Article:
I realized, the other night, when my almost six-year-old son put his arm around me, pulled me close to him and gently pat my shoulder, that I do not write much (at least lately) about being a mom. But, that is such a large part of who I am. A huge part. Fundamental. A mom.
Today I am babysitting my gorgeous, fun-loving, one-and-a-half-year-old niece while we are waiting for my nephew to get his first glimpse of this beautiful, frightening world. Bless him, that sweet little boy. He is spending his last moments in utero “laying in a hammock” as my brother-in-law put it, stubbornly breech as my sister awaits a C-section.
Right now, I am listening, over the baby monitor, to my niece fuss and whine and even screech a little as she is having trouble getting to sleep. I am instantly taken back to the days when my own stubborn little boy refused to sleep. I am taken back to bouncing and bouncing and bouncing on an exercise ball in hopes that he would eventually surrender. I am taken back to holding his hand through the crib bars while he clutched my finger begging with his babble and screams for me to pick him up. I am especially taken back to a night when I blogged about us letting him cry it out for a seemingly sadistic amount of time until he gave in to slumber and I toasted to silence.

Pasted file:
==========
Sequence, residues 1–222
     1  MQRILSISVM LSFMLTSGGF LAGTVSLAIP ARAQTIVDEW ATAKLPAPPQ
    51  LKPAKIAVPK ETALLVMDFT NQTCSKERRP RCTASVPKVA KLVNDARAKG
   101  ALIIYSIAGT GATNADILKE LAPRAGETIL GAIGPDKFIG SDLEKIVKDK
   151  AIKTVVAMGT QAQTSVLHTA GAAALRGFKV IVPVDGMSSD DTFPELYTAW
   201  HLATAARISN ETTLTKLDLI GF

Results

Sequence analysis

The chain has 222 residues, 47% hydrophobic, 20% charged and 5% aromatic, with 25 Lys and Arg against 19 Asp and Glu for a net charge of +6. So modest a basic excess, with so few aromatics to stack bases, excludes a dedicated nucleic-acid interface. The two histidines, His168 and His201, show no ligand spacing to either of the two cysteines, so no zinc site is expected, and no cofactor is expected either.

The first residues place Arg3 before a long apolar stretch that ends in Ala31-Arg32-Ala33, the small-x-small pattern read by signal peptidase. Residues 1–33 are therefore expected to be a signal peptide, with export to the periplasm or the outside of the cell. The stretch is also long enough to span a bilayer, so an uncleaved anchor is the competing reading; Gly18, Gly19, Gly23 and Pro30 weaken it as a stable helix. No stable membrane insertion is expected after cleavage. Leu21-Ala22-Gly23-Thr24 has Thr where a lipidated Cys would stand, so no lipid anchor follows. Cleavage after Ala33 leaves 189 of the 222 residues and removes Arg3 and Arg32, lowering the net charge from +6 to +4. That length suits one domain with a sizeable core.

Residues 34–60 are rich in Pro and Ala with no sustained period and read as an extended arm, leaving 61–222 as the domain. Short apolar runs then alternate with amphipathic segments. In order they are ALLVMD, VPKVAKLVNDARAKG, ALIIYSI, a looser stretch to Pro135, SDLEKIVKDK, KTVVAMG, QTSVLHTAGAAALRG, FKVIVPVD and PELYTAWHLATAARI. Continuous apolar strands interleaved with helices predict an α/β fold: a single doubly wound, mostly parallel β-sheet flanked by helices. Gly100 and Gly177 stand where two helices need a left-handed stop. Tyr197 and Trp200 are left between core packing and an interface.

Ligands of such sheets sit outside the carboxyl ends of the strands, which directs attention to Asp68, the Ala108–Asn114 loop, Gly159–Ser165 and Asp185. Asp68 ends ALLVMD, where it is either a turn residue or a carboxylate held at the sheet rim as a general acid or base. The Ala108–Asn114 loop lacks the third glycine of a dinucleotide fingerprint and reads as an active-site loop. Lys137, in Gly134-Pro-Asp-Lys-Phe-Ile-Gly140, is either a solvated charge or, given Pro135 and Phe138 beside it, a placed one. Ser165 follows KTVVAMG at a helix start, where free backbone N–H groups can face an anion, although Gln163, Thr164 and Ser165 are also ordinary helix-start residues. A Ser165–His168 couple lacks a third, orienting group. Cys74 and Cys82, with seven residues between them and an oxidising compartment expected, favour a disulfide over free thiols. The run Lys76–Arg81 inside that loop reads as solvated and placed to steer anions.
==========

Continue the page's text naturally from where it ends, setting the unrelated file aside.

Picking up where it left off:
When my son was smaller, and before our marriage fell apart, I used to write incessantly about motherhood—about the sharp dichotomy about parenting communities and parental judgments, about my husband dressing our son like Liberace, about trying to feel sexy while salsa dancing but being completely stifled by feeling my milk let down, and about me being my son’s first true love. Now, it seems, I write about me, me, me– about my wide hips, about my fractured self, and about finding out who I am again. I don’t know if, perhaps, I have distanced myself from this motherhood thing, not in terms of caring for and loving my son (I think I do a pretty damn good job in that department), but in terms of personal inspiration. I am seeing myself outside of my role as a mother as or because I am no longer a wife, which, I think, is probably a good thing—divvying out a self, apart from the huge responsibilities of momhood, that also needs attention.